Years ago I wrote a novel about a secret race of people, Viking descendants, living in a massive cavern under Greenland's ice sheet. (I know it sounds awesome, but it was a failed novel; one day I'll rewrite it to be better.) I imagined a struggle for the throne of this kingdom on the level of the old English monarchy: poisonings, conspiracies, betrayal. Matt asked me whether I thought it was realistic that people would struggle so hard for a throne that meant so little, in the scheme of things. The power that anyone can hold in a closed community is naturally limited.
This was a rare moment in which Matt was wrong. He is never wrong about human nature, or almost never - in this instance, as the years pass, I grow surer that he was. People struggle most bitterly for the smallest fiefdoms, I have found. English departments at colleges and universities are the primary example I'm aware of, but there are many others. The smaller the pond, the more fish get eaten, so the biggest one can grow fat. I don't know why humans are so dogged about what they control, and so much more so when what they control is minor, but they are.
The Last of Us II is a beautiful, harrowing exhibit of this behavior. In light of the sunset of the entire species, you'd think that matters of revenge would fall by the wayside in favor of survival. Alas, no. The two main characters cut through dozens, hundreds of human beings in order to try and kill each other. (I think it's possible that the player kills fewer zombies than healthy people in this game.) Their strength, their will, could bolster entire communities, help them thrive; instead, they expend their resources on ending each other.
They are compelling characters. Their choices are organic and agonized, and they make terrible mistakes, which always jump-starts a narrative. But I cannot stop thinking about what it means that they are the last of us. The very qualities that make them so good at surviving the apocalypse have also buried vengeance and bloodlust deep down in their natures. How does one dig those qualities out to cooperate with the others who have lasted, instead of killing them?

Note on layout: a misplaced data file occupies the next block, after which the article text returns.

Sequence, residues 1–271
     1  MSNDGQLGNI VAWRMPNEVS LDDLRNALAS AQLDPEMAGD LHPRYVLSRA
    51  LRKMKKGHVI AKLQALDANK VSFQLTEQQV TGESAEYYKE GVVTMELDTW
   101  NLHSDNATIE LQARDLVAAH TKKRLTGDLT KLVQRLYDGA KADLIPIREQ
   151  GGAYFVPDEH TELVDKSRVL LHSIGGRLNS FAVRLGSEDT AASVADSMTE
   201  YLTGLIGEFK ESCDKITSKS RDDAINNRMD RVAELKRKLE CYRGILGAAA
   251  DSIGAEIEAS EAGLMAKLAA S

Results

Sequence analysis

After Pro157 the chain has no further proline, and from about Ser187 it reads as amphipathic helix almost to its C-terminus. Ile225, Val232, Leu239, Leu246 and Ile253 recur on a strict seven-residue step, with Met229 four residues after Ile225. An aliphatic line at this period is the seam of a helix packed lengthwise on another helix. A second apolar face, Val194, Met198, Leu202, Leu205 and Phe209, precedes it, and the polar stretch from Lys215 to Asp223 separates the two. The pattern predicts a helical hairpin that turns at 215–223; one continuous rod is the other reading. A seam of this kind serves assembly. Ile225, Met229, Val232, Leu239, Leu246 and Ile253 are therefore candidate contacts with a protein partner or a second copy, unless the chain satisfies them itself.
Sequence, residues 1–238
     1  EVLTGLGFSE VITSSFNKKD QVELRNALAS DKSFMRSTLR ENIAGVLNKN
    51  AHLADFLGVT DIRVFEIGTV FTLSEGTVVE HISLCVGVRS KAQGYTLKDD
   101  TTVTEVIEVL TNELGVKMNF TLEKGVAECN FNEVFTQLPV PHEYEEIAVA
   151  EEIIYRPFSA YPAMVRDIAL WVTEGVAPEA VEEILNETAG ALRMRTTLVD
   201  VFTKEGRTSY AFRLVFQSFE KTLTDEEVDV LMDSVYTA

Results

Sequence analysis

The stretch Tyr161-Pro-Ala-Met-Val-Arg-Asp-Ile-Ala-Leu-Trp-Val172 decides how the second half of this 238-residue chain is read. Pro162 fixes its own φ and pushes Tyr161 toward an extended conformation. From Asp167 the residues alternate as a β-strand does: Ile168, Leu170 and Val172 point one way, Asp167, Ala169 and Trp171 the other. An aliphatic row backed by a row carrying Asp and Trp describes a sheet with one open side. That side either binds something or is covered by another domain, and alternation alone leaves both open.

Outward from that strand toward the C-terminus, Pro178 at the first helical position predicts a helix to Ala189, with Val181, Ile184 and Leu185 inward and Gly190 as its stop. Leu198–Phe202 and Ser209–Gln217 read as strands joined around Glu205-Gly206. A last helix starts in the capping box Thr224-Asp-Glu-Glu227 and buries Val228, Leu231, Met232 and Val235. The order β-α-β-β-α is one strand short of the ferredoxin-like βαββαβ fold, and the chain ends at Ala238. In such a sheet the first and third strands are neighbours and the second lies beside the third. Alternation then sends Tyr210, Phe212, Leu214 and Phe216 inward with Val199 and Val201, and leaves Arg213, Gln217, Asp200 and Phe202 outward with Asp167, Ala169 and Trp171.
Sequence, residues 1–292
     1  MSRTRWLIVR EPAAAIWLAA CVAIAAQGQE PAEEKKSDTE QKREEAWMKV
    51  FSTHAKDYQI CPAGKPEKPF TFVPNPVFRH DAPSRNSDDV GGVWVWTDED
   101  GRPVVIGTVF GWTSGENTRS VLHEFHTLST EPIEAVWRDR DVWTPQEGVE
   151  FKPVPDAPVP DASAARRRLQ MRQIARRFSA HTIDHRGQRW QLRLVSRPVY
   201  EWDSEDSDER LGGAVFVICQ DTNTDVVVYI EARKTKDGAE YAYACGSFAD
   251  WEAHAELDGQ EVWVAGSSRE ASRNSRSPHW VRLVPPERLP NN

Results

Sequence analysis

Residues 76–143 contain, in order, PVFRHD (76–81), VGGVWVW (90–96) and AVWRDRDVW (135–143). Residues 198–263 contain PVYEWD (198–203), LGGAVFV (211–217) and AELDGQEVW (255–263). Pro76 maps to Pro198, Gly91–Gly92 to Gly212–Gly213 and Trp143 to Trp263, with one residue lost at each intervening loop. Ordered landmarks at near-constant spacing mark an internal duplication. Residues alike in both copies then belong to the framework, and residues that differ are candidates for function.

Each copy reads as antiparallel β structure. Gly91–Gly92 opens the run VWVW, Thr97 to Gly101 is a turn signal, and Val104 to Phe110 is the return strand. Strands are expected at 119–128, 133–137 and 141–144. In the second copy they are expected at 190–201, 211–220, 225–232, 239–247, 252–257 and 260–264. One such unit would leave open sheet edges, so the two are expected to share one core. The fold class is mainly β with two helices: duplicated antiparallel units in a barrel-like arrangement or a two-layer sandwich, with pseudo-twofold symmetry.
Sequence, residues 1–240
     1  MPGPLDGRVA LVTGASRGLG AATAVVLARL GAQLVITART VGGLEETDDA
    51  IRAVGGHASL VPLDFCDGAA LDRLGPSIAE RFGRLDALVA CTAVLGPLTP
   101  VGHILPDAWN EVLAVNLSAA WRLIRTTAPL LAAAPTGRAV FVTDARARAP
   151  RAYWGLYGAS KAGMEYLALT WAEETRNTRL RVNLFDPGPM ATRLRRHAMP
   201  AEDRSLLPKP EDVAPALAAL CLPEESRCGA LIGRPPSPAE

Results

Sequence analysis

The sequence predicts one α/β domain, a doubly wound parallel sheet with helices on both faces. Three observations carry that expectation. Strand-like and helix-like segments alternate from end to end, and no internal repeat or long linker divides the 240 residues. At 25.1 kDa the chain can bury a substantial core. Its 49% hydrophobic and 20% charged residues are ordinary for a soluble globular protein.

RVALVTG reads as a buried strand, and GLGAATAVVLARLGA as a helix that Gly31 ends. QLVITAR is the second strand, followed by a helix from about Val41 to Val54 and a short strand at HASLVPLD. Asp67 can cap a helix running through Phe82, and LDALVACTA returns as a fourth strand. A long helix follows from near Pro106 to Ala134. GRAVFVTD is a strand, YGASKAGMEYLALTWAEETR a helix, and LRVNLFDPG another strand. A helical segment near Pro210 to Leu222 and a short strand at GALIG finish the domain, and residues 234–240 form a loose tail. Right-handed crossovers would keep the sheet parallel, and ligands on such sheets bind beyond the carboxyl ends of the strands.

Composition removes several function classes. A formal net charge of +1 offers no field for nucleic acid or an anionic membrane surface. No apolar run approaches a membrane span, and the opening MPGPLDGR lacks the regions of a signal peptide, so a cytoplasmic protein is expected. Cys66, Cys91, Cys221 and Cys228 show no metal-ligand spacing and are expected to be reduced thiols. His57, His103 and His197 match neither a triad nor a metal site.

Some version of this behavior exists within each of the two parties in our political system right now, and between them. Here I started writing some examples, but realized midway that you are likely to get mad at me for some of them, because that is how deep tribalism goes: it's impossible to read criticism of one's values without feeling personally insulted. We cannot even unite against the common enemy of the virus, a phenomenon that could swipe away a major chunk of our population, because we can't agree on the deeper meaning of wearing cloth on our faces. What the fuck.
So the revenge and murder in The Last of Us II is striking deeper than it might at any other moment in American history. Five years ago it might have seemed like pure fantasy - the only way revenge stories feel good to me is if they are fantasies, because revenge is always going to harm more than help - but now it seems extremely realistic, that the last of us are killing each other rather than the common enemy. And God, how that aches. How it stings. How I wish it were not so relevant, so true to life. How I wish we were not in so desperate a fix.